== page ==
DO this don’t: Travel with your parents

I haven’t been on holidays with my parents for a VERY long time. And because it was my first year back in Australia and first Christmas at home for more than a week, we decided to plan a trip to Cairns.

My mum had recently seen travel photos on Facebook from a friend of hers who travelled to North Queensland and I think she was slightly jealous that they (being Americans) had seen more of Australia than they had. Up until the beginning of last year they had always used their leave to go back to the Philippines to see family, and it was probably their 5 week sojourn to the USA and Canada in mid 2011 that they finally caught the travel bug to see something more than just their homeland (as lovely as it is). So when mum suggested a Christmas trip to Cairns, I was a little bit hesitant, but thought it was a good chance to get them to indulge in the travel bug and show them how I travel.

The planning process was a bit mental to be honest. Me, being a non-planner, was frustrated by mum’s incessant questions about booking flights early, wanting to stay in a resort with a pool because there were killer jellyfish in the ocean, debates about hiring a car, and if shops were open at Christmas and maybe, no- we should- bring a Christmas ham on the plane just in case shops are closed and there would be nothing to eat and do you think the weather will be good because I hear it’s cyclone season… and so on, you get my drift. Mum’s have a way of being over paranoid so I was forgiving in this respect, but god forbid I was going to let her actually take a Christmas ham as hand luggage on a 3hr flight up to Cairns. Dad and I did eventually convinced her a Christmas ham wasn’t necessary, but when we arrived and were unpacking our bags I did notice she had smuggled across the state border some canned goods and meatloaf (maybe in preparation for that cyclone).

Holidaying with the parents wasn’t as bad as I initially thought. Sure, they’re going to want to eat dinner early, take pictures of everything, over-anaylse the touristy sights and they’re never going want to stay up late for cocktails – but I found that by having tons of patience, a bucketload of compromise and a preparedness to make time for thoughtful answers to all the questions, I actually really enjoyed their company and even learned a thing or two.

My parents are in their mid-fifties, and despite my perceptions that they were old, conservative and boring, I saw quite an adventurous side to them for the first time.  Whilst my siblings and I shivered timidly at the water’s edge of a river in Mossman Gorge, mum and dad both dived in head first into the freezing waters, giggling like school children, and egging us on to jump in.

During our boat trip out to the barrier reef, my dad surprised me by wanting to try diving and loved it. Mum went snorkelling on her own for hours, mesmerised by the rainbow of corals and intent on capturing about 87 underwater photos of the same fish.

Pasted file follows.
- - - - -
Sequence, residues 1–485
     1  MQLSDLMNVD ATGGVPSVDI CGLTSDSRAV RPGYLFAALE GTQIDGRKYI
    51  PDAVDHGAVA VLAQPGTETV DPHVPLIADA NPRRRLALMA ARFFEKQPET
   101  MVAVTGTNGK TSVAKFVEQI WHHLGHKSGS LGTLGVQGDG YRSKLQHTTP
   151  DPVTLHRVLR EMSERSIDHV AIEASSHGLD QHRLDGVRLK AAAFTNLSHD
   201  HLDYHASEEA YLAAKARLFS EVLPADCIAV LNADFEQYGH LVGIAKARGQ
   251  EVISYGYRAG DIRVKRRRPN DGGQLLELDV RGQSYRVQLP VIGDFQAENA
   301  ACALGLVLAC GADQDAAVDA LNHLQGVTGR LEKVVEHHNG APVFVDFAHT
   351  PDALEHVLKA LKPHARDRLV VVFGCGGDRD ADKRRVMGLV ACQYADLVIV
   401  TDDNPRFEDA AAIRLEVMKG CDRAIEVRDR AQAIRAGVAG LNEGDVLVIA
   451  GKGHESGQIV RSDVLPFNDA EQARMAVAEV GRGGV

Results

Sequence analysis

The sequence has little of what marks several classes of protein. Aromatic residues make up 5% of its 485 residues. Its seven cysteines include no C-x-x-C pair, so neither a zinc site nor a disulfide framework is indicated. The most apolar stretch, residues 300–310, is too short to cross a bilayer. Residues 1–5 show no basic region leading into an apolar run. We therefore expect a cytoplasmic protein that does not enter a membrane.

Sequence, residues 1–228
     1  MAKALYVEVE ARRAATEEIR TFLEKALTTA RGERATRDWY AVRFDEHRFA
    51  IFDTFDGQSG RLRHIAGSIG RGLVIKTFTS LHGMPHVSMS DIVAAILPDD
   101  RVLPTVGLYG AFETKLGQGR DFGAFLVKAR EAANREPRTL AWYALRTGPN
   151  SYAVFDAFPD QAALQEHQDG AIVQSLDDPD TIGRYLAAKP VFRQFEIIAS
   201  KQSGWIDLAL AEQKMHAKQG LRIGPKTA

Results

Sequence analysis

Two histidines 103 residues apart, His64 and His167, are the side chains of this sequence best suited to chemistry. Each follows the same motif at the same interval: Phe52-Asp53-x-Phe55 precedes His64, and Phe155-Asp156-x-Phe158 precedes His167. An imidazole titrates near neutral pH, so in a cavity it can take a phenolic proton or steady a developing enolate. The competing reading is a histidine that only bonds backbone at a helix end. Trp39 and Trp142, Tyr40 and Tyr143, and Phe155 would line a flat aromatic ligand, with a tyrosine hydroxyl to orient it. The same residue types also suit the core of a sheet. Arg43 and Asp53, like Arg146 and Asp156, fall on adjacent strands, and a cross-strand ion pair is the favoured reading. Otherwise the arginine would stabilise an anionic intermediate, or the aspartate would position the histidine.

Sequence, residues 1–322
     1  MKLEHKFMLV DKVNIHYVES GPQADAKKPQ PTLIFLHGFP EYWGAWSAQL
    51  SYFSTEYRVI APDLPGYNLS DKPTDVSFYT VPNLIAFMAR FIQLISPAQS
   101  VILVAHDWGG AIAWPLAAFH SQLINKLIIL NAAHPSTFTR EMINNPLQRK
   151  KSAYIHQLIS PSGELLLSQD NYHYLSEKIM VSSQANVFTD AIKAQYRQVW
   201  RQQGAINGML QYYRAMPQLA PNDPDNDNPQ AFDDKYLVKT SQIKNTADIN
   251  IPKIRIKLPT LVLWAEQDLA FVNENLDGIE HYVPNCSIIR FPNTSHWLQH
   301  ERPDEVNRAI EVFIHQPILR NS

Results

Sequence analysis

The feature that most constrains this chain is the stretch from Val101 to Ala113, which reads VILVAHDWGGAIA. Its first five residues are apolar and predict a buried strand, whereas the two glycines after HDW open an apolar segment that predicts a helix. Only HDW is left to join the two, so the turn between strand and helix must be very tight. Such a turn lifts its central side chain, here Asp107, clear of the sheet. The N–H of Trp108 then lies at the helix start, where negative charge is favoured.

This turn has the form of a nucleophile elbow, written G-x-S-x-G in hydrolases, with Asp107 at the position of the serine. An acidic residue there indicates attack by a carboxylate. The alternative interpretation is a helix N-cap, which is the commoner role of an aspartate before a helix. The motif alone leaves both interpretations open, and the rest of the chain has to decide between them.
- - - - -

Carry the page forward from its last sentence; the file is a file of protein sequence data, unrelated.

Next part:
When we suggested going jungle surfing in the Daintree rainforest, Mum – who was not particularly comfortable with heights – was terrified at at the thought of ziplining through trees 20 storey’s up, but by the end she was ziplining upside down and screaming in delight – even confessing that she’d conquered her fear and would love to do it again.

Of course when you’re in close proximity to family 24/7 tempers will undoubtedly flare (the most memorable disagreement was regarding having a photo taken with a koala!), but I suppose my point is that I never realised my parents were so fearless and open-minded.

After the trip I realised that it would have taken a lot for them to want to travel with me as well – knowing that I’m a seasoned traveller and can be pretty stubborn about my way of holidaying. In the end I discovered that travel doesn’t discriminate by generation (and why should it!). My folks just happened to get bit by the travel bug later in life. And the symptoms of the travel bug is the same at every age – the desire to get away, try something new, see the sights, be adventurous, meet people and maybe even conquer some fears. To experience a holiday with your parents as an adult makes you see them in a different light – I only hope that when I’m in my mid-fifties I can jump into frigid cold lakes, fly across tree canopies, discover underwater worlds, and put up with stubborn adult children who think they know everything about travel, who stop you from smuggling Christmas hams across state borders which results in having to order pizza and Thai takeaway for Christmas dinner.

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